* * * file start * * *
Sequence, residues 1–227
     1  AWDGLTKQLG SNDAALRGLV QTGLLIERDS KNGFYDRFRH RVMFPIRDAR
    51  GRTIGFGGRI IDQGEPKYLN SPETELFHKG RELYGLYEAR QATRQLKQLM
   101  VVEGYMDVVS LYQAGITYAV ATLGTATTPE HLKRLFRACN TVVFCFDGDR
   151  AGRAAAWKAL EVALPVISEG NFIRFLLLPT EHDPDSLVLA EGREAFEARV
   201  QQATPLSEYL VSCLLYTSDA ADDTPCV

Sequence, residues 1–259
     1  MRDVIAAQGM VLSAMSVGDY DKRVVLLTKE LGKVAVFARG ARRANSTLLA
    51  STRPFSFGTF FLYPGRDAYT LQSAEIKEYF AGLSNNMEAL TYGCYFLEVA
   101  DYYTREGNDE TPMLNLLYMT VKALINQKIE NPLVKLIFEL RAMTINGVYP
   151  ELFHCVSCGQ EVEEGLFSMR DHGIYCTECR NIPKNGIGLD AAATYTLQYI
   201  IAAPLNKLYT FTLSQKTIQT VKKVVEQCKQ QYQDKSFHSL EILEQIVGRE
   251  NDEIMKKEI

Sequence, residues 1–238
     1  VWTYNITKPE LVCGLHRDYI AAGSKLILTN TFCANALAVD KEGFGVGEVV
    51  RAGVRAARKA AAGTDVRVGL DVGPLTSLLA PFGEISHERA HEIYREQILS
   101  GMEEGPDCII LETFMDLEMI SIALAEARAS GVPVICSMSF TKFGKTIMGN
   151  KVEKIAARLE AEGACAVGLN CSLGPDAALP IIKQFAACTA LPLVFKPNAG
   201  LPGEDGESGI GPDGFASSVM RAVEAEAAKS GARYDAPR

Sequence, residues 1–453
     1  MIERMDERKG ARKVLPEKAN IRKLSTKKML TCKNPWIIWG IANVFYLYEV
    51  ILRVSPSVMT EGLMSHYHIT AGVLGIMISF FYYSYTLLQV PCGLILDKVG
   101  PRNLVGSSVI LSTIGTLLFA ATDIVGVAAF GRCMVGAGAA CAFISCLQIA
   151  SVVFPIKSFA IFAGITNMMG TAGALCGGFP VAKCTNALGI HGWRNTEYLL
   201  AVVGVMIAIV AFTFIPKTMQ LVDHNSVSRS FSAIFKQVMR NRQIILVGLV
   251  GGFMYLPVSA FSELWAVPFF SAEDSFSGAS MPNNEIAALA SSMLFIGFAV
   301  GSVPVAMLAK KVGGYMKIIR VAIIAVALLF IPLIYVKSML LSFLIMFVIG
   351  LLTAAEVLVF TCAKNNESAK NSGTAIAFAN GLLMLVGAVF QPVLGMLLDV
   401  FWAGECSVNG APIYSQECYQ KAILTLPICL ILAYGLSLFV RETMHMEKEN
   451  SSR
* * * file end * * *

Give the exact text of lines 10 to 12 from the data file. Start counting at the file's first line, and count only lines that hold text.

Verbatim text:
   101  DYYTREGNDE TPMLNLLYMT VKALINQKIE NPLVKLIFEL RAMTINGVYP
   151  ELFHCVSCGQ EVEEGLFSMR DHGIYCTECR NIPKNGIGLD AAATYTLQYI
   201  IAAPLNKLYT FTLSQKTIQT VKKVVEQCKQ QYQDKSFHSL EILEQIVGRE